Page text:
We can all rejoice. Spring is finally here! Goodbye gray skies, hello colors of the rainbow! After such a long, chilly winter, it’s a great time to celebrate with gardening or a new craft you’ve been putting off. Get outside. Start a few projects. Sweat a little. Carhartt Force Performance Quarter-Zip is the ideal work shirt for times like these. It fights odor, wicks sweat, and has stain breaker technology. For those spring showers, Carhartt Rain Defender is the way to go. The Rockford Windbreaker is lightweight and water repellant. It’s lined, hooded, and a sharp piece to add to your work wardrobe. The Force Equator Hat is not only a Force item, but also water repellant with Rain Defender technology. You’ll stay dry as it repels water, wicks sweat, and prevents stains. Now go ahead and get your color on, folks!
The winter of 2015 has been a fierce one to be sure. Regions unfamiliar with snow have been pelted with it, and those already accustomed to snow have put up with it to an even greater degree. I’ve been reading The Farmer’s Almanac, learning about today in weather history.
This day in 1918, a car crossed frozen Penobscot Bay, Maine.
In 1952, an ocean storm hit Cape Cod and Nantucket, with winds of 61 mph.
In 1980, Norfolk, Virginia received 13.7 inches of snow.
In 1989, the temperature in Jacksonville, Florida plummeted to 24°F.
In 2008, San Antonio,Texas temperatures reached 92°F.
And in 2011, the temperature rose to 103°F in Laredo, Texas.
It’s easy to forget the times in our past when the weather has caught us off guard. The best thing is to always be prepared, come snow or high water. That’s why I like my Quick Duck® Jefferson Jacket. It’s water repellent and constructed with 3M Thinsulate material. Whether it’s snowing or pouring rain, you’ll stay dry and warm.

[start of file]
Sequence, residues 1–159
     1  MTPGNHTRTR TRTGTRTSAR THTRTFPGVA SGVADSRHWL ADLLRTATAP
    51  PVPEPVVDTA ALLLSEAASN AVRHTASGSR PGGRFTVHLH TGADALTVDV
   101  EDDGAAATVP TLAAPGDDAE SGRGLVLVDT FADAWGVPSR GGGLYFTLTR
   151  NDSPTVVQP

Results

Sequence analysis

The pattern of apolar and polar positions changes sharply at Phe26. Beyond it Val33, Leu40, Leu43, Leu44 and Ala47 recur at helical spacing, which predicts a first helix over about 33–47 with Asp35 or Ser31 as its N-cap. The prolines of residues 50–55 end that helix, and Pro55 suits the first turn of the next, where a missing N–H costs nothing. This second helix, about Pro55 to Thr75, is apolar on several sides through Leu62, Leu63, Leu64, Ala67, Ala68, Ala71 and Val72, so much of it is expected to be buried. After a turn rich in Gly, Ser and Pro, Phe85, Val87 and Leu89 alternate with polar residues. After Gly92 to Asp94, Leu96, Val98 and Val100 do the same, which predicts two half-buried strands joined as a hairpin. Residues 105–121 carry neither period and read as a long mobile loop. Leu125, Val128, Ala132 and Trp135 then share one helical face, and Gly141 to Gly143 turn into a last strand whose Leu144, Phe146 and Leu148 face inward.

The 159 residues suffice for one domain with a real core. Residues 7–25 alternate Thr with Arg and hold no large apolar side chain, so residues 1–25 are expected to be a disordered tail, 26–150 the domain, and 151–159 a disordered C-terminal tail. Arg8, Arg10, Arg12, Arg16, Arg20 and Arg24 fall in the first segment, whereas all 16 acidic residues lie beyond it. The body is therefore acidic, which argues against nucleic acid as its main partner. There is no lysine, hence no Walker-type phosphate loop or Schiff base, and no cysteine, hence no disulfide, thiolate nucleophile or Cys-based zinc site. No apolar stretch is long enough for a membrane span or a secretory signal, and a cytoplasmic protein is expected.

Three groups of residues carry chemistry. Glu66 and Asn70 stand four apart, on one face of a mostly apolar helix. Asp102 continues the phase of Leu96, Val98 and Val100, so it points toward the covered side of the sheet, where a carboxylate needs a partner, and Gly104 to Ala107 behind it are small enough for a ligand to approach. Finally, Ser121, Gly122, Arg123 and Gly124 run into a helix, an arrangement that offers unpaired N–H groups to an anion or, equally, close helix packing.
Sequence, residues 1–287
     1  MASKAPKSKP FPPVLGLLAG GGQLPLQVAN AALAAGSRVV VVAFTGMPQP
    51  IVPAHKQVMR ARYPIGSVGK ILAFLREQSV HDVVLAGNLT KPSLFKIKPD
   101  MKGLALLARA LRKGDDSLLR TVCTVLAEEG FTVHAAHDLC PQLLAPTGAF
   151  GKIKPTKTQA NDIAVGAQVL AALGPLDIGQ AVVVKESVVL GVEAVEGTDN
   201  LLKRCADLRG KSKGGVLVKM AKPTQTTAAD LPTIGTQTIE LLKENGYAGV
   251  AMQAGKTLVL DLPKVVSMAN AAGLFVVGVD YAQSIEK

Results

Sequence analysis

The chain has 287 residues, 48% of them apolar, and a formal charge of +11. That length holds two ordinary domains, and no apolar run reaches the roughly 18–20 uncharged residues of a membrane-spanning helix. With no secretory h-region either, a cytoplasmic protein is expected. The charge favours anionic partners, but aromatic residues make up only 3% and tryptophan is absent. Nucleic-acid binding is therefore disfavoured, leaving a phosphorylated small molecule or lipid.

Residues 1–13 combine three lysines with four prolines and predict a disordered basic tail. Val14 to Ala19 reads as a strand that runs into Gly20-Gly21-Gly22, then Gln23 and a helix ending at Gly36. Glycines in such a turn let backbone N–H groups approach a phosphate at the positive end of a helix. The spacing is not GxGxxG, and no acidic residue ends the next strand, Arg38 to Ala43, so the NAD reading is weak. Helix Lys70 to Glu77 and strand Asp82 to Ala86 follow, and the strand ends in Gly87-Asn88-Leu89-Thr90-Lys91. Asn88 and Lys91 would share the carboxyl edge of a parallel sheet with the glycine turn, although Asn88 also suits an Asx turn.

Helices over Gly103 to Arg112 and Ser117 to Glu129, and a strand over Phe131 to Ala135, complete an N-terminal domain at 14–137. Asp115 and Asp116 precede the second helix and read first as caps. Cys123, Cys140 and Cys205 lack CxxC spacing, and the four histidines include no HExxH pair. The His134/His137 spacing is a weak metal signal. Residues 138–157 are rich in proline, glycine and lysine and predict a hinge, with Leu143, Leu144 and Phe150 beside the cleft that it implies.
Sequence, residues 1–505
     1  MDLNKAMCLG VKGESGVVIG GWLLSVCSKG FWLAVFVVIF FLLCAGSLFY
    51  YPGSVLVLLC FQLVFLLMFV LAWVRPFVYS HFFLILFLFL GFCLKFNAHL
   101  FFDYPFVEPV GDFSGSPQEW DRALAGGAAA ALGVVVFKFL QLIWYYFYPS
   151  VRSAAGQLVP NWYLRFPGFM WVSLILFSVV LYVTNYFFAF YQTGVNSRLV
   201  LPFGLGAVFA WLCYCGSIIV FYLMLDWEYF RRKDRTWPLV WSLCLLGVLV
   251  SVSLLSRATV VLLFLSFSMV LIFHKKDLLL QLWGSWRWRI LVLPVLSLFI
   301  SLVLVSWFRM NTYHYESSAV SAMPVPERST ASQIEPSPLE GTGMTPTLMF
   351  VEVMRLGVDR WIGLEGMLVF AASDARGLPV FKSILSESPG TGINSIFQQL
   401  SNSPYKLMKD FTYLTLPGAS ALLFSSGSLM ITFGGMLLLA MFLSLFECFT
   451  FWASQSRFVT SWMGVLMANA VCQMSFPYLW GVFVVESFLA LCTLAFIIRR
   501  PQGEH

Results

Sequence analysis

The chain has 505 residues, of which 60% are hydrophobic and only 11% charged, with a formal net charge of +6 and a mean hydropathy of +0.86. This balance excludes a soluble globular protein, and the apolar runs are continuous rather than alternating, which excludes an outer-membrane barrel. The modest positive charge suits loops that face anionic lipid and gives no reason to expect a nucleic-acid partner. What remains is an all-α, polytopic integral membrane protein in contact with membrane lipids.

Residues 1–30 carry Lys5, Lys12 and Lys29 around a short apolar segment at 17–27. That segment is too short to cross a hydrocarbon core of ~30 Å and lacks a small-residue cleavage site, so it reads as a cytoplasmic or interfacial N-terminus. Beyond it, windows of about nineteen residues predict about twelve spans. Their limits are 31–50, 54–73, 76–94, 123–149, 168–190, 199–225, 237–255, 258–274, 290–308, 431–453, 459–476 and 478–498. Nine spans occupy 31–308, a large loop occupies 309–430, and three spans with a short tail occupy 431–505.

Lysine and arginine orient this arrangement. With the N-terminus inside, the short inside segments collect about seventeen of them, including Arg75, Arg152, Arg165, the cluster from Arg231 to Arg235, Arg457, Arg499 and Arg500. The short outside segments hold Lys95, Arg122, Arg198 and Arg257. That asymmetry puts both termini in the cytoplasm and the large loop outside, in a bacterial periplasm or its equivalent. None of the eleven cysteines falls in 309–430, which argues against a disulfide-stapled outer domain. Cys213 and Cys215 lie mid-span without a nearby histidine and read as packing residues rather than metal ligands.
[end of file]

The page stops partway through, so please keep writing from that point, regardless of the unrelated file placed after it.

Get a load of my new favorite tote, built out of 600D Poly with Rain Defender® Durable Water Repellent. Whether you’re adventuring in the backwoods or setting about a hectic, rainy day; it’s rugged and great for tough weather. Water drops just bead right off and it’s big enough to pack up everything you’ll need.
It looks like winter is trying to barge into fall this year. Cold drizzles and stormy skies may loom, but Carhartt Rain Defender®’s got you covered. Horses still get hungry when it’s raining, stalls still need to be mucked, and you still need to get out there and work. Just ask Ellen and Jupiter, water rolls right off this Quick Duck® Jefferson Jacket letting you focus on the tasks at hand.
It’s important to keep horses well exercised, happy, and healthy even when the weather isn’t agreeable. Make sure they’re well fed; this helps keep them warm during the digestion process. It’s true that horses can handle lower temperatures than humans, but when it’s really chilly a blanket or extra hay are good solutions. Keep the blankets dry; a wet blanket has bad connotations for a reason. When resting against your pal’s back for too long, rain rot skin disease becomes a greater risk. To further prevent rain rot, groom your horse often, removing any scab-like lesions along the way. Don’t share grooming tools amongst your animals and keep things clean and dry.